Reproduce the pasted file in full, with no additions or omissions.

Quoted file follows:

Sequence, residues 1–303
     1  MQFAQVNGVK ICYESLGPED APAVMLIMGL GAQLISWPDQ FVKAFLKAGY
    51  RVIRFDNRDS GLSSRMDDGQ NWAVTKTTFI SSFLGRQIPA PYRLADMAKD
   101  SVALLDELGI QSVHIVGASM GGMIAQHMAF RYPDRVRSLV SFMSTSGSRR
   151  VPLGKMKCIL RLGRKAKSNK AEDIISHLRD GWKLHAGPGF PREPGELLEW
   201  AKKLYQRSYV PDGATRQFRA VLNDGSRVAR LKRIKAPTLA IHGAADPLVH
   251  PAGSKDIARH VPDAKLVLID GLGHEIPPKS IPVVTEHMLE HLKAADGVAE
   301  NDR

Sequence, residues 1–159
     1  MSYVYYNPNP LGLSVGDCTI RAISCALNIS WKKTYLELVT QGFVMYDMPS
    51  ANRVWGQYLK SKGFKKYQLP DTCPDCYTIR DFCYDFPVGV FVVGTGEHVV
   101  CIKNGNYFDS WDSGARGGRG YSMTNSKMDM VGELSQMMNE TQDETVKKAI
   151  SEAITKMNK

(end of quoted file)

Sequence, residues 1–303
     1  MQFAQVNGVK ICYESLGPED APAVMLIMGL GAQLISWPDQ FVKAFLKAGY
    51  RVIRFDNRDS GLSSRMDDGQ NWAVTKTTFI SSFLGRQIPA PYRLADMAKD
   101  SVALLDELGI QSVHIVGASM GGMIAQHMAF RYPDRVRSLV SFMSTSGSRR
   151  VPLGKMKCIL RLGRKAKSNK AEDIISHLRD GWKLHAGPGF PREPGELLEW
   201  AKKLYQRSYV PDGATRQFRA VLNDGSRVAR LKRIKAPTLA IHGAADPLVH
   251  PAGSKDIARH VPDAKLVLID GLGHEIPPKS IPVVTEHMLE HLKAADGVAE
   301  NDR

Sequence, residues 1–159
     1  MSYVYYNPNP LGLSVGDCTI RAISCALNIS WKKTYLELVT QGFVMYDMPS
    51  ANRVWGQYLK SKGFKKYQLP DTCPDCYTIR DFCYDFPVGV FVVGTGEHVV
   101  CIKNGNYFDS WDSGARGGRG YSMTNSKMDM VGELSQMMNE TQDETVKKAI
   151  SEAITKMNK